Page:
200th TASTING NOTE ALERT!!!
Sipdown 61/375. Thanks to Janelle for sending me this sample!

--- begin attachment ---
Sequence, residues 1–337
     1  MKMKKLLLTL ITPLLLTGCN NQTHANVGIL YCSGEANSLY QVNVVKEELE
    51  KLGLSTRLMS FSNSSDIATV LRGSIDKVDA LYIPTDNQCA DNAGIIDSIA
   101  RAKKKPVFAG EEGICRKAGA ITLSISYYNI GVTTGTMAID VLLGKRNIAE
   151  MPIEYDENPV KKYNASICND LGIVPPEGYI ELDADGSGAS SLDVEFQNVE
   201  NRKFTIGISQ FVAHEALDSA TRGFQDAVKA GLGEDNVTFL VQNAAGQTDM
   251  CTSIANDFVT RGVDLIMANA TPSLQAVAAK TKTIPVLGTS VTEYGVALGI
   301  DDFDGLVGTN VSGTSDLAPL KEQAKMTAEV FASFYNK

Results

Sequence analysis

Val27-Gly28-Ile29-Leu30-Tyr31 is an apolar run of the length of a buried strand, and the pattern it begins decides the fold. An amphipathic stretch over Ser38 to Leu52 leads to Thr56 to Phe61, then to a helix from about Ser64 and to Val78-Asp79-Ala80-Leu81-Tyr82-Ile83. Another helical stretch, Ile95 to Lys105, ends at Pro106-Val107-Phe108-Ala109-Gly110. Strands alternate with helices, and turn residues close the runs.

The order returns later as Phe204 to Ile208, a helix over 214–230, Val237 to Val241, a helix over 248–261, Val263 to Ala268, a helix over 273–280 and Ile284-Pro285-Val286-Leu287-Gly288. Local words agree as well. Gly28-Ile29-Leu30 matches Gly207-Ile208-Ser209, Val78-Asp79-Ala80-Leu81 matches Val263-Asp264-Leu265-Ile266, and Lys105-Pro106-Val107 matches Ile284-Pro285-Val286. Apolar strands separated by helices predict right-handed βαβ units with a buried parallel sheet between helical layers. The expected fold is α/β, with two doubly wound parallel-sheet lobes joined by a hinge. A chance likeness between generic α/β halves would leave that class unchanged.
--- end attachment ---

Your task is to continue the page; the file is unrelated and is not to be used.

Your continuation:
Holy wowza. I have never come across a tea so authentically chocolatey before! If all chocolate teas were like this, it definitely wouldn’t be listed in my dislikes. I took great pains to follow Stacy’s steeping instructions, even calculating the volume of water to use based on the amount of leaf I had (not quite as much as Stacy recommends) and trying to find something to measure out the water in for so long that I had to reboil the kettle… twice. Oops. As soon as I poured the water over the leaf, I was shocked by how chocolatey and rich the scent became. I hadn’t been too kind to my poor little sample, and it was smushed into a box in a thin plastic bag with some other samples, so I’d been worried that the flavour would be lost or contaminated. As soon as I smelled the steeping tea, I stopped worrying. It’s very clearly dark chocolate, with a sharp raspberry note behind it, that really reminds me of a cocoa dusted raspberry chocolate truffle. The scent was so incredible that I couldn’t resist trying it part-way through steeping, at about the 2 minute mark. Amazing!! The chocolate and tea made themselves present first, matching very well and creating a dead-on chocolate truffle flavour. The raspberry was bright and fresh in the aftertaste, and the chocolate flavour lingered too, making the overall effect so perfect that I was so tempted to remove the steeper there and then and just drink it as it was. But (and here’s where I’m kicking myself) since it was my last of this tea I really wanted to drink it as recommended to give it a fair review, and so I left it for the remaining time. At the 4 minute mark I sniffed the liquor and my heart sank. The chocolate covered raspberry scent had all but disappeared, and sadly that was the case in the flavour, too. The chocolate and raspberry notes are still there, but masked by the incredibly strong base tea. The kundaly is a force of nature – it’s thick and malty with a hint of a citrus note, but a slight astringency too which would tempt me to add milk if the raspberry flavour didn’t seem too opposed to that idea. It’s actually a good black tea, and I would happily drink it with milk for a breakfast tea, it’s just a little too much after the full four minute steep. My dry leaf actually had a lot more smaller pieces than I’m used to with Butiki blends, and I’ve read a few reviews mentioning the base being weaker, so I would hazard a guess and say that I got some of the smaller pieces from the bottom of the batch which would explain the strong, astringent tea. I added a couple of pieces of brown rock sugar as per Stacy’s recommendation, and this really brought out the raspberry flavour. The chocolate is still present at the end of the sip, and the kundaly has chocolate-like notes of its own, so overall I would say that it’s still a very enjoyable tea. I just wish I’d gone with my instincts and stopped brewing when it was perfect! Still that’s my error, not the tea’s, so I won’t mark it down.